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SWEDISH union IF Metall warned today that a victory for Tesla in its attempt to deny workers a collective bargaining agreement would threaten the entire model of industrial relations in the country.
Tesla scored an interim win in the courts on Monday evening. A lawsuit alleging discrimination — because postal workers taking secondary action in solidarity with striking Tesla employees were refusing to deliver licence plates — secured an interim ruling that Tesla could collect the licence plates from the Swedish Transport Agency itself.
But post is just one sector in which solidarity action with IF Metall members working as mechanics or salespeople for Tesla is taking place, with dockers also refusing to unload Tesla vehicles.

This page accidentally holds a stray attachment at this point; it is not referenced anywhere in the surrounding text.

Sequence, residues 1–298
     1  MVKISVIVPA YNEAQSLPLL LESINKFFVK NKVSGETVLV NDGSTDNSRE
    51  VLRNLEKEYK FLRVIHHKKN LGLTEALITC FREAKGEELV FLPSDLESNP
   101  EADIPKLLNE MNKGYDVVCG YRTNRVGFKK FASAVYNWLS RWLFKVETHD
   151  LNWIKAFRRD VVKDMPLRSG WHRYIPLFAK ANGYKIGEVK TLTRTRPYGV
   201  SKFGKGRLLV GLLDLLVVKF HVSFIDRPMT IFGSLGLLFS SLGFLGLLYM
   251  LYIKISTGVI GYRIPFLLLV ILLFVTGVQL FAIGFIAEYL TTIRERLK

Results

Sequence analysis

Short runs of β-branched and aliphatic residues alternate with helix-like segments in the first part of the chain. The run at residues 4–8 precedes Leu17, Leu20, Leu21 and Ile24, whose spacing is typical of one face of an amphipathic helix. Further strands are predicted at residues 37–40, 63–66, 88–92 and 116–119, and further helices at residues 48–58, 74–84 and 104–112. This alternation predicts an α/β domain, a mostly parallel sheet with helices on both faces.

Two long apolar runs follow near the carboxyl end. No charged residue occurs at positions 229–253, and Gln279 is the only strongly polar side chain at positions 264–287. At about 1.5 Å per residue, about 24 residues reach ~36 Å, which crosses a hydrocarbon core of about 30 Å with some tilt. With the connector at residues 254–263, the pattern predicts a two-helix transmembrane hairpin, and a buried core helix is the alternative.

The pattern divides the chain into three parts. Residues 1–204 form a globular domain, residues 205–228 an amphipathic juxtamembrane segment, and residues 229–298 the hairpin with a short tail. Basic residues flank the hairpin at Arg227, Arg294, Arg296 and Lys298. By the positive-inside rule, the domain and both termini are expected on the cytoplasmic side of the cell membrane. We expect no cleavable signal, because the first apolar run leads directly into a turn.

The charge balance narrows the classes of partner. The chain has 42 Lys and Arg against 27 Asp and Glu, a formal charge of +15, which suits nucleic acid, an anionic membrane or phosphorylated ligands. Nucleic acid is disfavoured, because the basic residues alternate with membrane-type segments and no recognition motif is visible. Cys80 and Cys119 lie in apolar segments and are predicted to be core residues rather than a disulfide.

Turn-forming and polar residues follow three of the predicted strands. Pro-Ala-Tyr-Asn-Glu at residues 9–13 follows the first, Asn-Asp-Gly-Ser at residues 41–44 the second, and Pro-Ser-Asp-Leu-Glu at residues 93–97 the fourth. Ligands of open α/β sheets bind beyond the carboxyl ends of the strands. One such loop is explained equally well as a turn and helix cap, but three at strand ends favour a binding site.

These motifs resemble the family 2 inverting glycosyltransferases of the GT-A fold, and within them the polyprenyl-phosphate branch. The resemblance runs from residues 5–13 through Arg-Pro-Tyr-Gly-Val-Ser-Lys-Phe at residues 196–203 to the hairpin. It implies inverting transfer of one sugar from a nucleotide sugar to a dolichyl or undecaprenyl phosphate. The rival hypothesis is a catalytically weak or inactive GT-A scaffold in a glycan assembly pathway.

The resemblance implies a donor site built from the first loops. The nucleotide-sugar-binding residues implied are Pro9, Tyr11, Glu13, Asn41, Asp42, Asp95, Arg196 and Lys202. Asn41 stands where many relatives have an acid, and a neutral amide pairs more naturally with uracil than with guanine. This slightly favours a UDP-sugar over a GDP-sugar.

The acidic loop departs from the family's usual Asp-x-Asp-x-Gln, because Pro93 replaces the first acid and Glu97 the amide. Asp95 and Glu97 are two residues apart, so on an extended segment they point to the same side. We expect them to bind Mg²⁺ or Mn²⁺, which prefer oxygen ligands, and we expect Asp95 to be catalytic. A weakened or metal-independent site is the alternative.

IF Metall president Marie Nilssen told the Financial Times that “if Tesla shows it’s possible to operate in Sweden without a collective agreement, then other companies could be tempted to do the same.”
Sweden won a derogation from an EU minimum wage directive its unions opposed for undermining collective bargaining rights, exempting countries where collective bargaining agreements cover over 80 per cent of the workforce.
Unions are keen to maintain the dominance of collective bargaining structures in wage negotiations in the country, with over 90 per cent of workers covered.
IF Metall explains: “The collective agreements are negotiated by industry and the employees are guaranteed the wages and working conditions that are standard within the entire sector.
“This enables companies to operate on a level playing field, while avoiding the risk of any individual employer distorting competition within the industry through poor conditions for its employees.”
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